|Chronological Tour: Stop 135|
Exterior of Legends Field, from the west, Aug-1998.
A good look at the seating bowl.
Since this photo was taken, Raymond James Stadium, home of the NFL Buccaneers, was built across the street.
The park’s capacity was designed so that transplanted New Yorkers could see their heroes in Grapefruit League action. While I’ve never been to spring training, I did attend an August 1998 Florida State League game here.
Alas, the park appeared to be overkill for the level of play of summer ball, a problem shared by the entire Florida State League. I paid an unusually low $3 for a general admission ticket, but was only the 36th person to do so that day. At no point during the twilight-night doubleheader did the head count in the stands exceed 250. In addition, the public address system was balky, shifting from full power to a whisper and back of its own free will.
There’s no question, though, that Steinbrenner constructed a spring training showplace, which was his aim. There’s enough room for you if you go down to Florida in March – you and the luxury-box-demanding fans. For the rest of the season, there’s room enough to stretch out and perhaps snag an easy souvenir foul ball.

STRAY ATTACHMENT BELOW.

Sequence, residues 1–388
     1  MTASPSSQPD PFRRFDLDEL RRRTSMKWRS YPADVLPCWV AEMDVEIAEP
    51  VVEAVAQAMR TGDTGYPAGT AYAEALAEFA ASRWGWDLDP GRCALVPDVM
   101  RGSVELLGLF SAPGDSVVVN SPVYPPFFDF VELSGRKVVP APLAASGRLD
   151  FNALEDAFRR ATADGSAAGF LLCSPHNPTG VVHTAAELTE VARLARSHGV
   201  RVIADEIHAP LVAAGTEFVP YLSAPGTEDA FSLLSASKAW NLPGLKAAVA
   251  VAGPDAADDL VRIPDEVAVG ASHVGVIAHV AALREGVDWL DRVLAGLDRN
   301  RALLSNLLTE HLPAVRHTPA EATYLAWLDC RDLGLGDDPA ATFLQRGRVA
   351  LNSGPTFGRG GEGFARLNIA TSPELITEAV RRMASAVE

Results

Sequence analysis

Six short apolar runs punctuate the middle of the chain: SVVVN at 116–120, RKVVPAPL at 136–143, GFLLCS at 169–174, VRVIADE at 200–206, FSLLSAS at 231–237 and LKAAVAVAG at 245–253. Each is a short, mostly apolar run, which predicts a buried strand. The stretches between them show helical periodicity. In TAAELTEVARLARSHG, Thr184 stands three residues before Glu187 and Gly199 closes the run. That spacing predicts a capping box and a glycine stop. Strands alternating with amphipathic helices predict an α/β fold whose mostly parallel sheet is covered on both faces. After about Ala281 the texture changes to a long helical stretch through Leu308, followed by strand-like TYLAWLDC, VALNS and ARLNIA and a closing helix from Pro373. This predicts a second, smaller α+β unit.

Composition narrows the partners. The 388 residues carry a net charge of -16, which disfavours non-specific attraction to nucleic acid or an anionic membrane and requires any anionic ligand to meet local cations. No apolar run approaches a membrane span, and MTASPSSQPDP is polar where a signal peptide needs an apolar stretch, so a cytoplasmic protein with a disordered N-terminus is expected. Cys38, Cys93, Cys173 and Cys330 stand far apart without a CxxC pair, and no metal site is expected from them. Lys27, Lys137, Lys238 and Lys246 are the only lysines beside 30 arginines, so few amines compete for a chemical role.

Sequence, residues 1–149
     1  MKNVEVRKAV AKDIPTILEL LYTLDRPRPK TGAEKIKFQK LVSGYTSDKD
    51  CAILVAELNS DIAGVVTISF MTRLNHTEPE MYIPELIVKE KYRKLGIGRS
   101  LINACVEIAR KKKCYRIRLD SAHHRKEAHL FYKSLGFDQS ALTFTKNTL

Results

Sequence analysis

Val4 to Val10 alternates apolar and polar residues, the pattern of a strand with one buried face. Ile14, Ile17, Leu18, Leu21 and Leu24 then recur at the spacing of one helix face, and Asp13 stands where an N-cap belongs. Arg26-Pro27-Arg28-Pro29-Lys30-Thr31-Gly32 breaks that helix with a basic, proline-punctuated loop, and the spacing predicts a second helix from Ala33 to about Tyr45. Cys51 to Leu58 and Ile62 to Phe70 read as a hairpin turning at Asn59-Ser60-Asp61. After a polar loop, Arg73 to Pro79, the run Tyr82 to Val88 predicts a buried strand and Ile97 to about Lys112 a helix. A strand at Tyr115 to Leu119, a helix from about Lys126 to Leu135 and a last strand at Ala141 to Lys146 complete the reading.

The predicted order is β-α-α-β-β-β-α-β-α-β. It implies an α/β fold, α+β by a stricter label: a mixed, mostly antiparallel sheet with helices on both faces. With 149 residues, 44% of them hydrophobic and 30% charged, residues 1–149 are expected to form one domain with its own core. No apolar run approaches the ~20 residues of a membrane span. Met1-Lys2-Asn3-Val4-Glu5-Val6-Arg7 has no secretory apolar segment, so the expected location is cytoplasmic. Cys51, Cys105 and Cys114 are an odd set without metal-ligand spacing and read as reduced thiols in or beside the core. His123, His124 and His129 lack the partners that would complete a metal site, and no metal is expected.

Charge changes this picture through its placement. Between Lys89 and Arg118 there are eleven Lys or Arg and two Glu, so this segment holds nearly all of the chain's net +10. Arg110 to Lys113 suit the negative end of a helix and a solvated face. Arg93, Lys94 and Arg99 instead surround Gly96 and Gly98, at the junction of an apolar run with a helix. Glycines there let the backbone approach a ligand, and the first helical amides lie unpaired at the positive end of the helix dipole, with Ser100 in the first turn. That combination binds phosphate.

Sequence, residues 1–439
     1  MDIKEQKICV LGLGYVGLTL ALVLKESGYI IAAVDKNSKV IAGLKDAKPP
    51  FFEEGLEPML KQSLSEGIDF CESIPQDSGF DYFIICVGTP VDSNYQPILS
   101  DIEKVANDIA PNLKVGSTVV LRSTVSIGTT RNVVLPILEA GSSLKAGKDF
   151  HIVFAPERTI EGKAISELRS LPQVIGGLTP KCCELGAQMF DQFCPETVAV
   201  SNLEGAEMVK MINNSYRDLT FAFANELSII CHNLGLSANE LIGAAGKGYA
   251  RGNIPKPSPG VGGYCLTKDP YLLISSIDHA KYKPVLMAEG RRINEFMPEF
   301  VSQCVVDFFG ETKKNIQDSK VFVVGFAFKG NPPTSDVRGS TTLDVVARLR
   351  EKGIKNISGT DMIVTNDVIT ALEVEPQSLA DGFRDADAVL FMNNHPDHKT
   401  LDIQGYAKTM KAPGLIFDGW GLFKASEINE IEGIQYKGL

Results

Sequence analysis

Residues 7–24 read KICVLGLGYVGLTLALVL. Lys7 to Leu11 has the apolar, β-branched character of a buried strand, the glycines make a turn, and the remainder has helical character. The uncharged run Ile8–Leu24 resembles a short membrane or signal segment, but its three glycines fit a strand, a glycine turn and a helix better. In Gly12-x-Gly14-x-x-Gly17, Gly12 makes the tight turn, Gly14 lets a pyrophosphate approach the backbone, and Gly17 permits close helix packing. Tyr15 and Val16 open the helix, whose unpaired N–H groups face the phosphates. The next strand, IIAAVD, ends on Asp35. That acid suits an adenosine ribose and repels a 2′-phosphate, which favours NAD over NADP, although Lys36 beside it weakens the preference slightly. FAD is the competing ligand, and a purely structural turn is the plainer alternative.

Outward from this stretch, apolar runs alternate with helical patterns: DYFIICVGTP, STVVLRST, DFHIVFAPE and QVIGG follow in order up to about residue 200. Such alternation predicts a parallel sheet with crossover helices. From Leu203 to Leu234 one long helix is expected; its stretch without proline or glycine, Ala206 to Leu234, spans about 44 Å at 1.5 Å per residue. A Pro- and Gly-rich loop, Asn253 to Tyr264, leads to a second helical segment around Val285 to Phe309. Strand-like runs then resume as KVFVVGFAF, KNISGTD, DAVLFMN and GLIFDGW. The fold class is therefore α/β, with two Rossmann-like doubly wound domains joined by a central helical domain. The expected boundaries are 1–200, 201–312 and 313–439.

Legends Field – officially renamed George M. Steinbrenner Field in March 2008 – is worth a look. When you look at it is up to you.
As of August 2016, much of the stadium is receiving a major renovation. While the Tampa Yankees continued to play there, parts of the ballpark and surrounding grounds were blocked off as part of an overhaul, financed partly by the Yankees and partly by the City of Tampa, that will be ready for spring training in 2017.
|323||Sat 8-Aug-1998||Florida State||A||Vero Beach 2, TAMPA 0, 2d|
|1496||Wed 24-Aug-2016||Florida State||A||TAMPA 3, Dunedin 0|